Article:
JM: You know it was definitely the action. Damn, it’s so tough because they had a really, really special set. They had us take three boats to set right, because you took this kind of big speed boat to go where you had to go to meet this other boat and then once you jump off that boat you’re in like these single kind of situations where they have like some old lady just like getting you through this cave and you have to like duck your head at times and I’m like who even found this? [Laughs] Who knew this was the way to go, you know, real untouched places. It was dope to be able to do that but they did have some pretty cool times where like in the bone yard, playing with explosives, flame throwers and just being a real guy [laughs]. It was pretty dope.

TK: What was it like acting with Kong, the skull crawlers and other creatures that basically had to live in your imagination?

JM: Our art department did a really good job of showing us the prototype. On the piece of paper, this is what we think it’s going to look like and when you lock that image in your head you go back to like when you were seven years old and scared of monsters in your closet. Like yo this is crazy. They put a pink X 85-100 feet in the sky and you’re like “oh my God” you know what I mean? Some of it—the scale—was a huge thing for me, realizing that to you I’m basically an ant. I would look at bugs on the ground and be like yo that is me compared to Kong. That’s crazy [laughs] to think that you’re no longer even really considered on the food chain. Man it was pretty dope but that’s when the profession kind of got to come into it. I’m glad that we had such a huge ensemble cast who all had an outlook on what was going on because it was so easy to lose focus or be like “you know that shit’s just a volleyball, it’s hard to take it serious” you know? But it was cool to have people who all took it serious and who all had some sort of input on it. They cut to everybody in this movie which is a big deal [laughs]. It’s a big deal.

TK: You were reunited with Corey Hawkins after you guys both starred in Straight Outta Compton. What was that like?

JM: Corey is my brother. We’ve been through hell and high water together. I remember when both of us had to get big for Straight Outta Compton and we were eating 4000 calories a day and boxing four times a week and just doing all these different things to mentally, physically prepare ourselves for the role. So we’ve been through so much but at the same time we were still just babies in our careers and it was really dope to have somebody who I consider family take that step with me. Being away from family for six months and you know any type of civilization that means anything to you for six months, that’s crazy! But I had my brother with me man and I’m just so proud of him. I’m so proud of where he’s headed and what he’s doing. It felt good to be beside him again, you know? Lets me know I’m doing the right thing for myself.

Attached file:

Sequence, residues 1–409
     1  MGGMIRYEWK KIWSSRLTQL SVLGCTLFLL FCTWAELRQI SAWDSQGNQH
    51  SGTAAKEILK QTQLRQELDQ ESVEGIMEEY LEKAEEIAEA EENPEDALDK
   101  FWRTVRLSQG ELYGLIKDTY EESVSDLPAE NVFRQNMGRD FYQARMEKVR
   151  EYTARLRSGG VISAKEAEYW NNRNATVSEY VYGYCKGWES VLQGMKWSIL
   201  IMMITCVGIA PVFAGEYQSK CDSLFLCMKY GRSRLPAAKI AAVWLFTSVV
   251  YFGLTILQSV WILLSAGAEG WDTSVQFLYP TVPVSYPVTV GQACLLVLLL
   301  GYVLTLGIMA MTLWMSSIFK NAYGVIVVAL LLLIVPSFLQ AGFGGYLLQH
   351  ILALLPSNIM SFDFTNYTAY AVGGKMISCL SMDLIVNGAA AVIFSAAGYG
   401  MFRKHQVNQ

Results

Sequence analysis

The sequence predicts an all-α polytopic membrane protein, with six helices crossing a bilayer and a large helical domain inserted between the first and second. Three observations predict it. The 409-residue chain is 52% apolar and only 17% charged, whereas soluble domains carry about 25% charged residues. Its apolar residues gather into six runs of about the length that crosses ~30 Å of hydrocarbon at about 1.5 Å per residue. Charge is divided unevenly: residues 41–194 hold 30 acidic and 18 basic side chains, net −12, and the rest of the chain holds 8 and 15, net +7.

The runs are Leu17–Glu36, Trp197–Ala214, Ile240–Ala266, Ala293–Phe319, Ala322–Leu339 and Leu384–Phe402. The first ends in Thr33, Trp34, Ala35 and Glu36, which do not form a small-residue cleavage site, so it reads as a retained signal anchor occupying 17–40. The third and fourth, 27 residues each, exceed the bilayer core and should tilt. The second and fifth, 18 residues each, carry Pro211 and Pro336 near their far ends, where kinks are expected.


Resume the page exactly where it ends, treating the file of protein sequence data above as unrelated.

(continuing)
TK: What did you and the cast members do for fun?

JM: We did a little bit of everything. We did everything from exploring the woods to renting yachts, you know? [Laughs]. Brie would plan these freak-ends she would call them, like it’s the freaking weekend you know? [Laughs]. We went to this laser place that we were like we’re all too old to do this but we went there and it was the most fun we ever had. They had this room where it was like a flickering light and these really big balls and you’re supposed to go in there and I guess try to make your way through them but immediately we were like “oh my God this is best!” and started throwing the balls at each other. It was so much fun, it was so good.

TK: Can you tell us anything about your upcoming projects?

JM: Well, I had a movie do really good at Sundance called Mudbound. That’s going to be going to theaters but we already sold it to Netflix, which is incredible. I’m about to start a film in a couple of days with this guy, Sebastián Silva, who is also a sensation at Sundance, who always does his thing. I get to work with Michael Cera and just a bunch of people that I admire. After that I start a TV show called The Chi that we’re obviously going to be shooting in the Chi, in Chicago, and Common’s producing it and Showtime already picked it up. It should be really, really dope. I also have a film with Kathryn Bigelow that’ll be coming out later this year about the Detroit riots. So it’s going to be a pretty good year for me. Things are looking up so far.

‘Kong: Skull Island’ will appear in theaters on March 10th.